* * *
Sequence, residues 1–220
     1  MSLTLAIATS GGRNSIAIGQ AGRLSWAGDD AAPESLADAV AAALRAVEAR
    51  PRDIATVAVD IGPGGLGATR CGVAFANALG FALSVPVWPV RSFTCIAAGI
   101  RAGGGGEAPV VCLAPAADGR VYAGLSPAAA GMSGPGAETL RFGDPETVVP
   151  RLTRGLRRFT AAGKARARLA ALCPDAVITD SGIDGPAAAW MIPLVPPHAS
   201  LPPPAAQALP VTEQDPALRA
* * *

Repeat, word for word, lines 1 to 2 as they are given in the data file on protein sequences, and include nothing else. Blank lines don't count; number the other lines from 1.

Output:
Sequence, residues 1–220
     1  MSLTLAIATS GGRNSIAIGQ AGRLSWAGDD AAPESLADAV AAALRAVEAR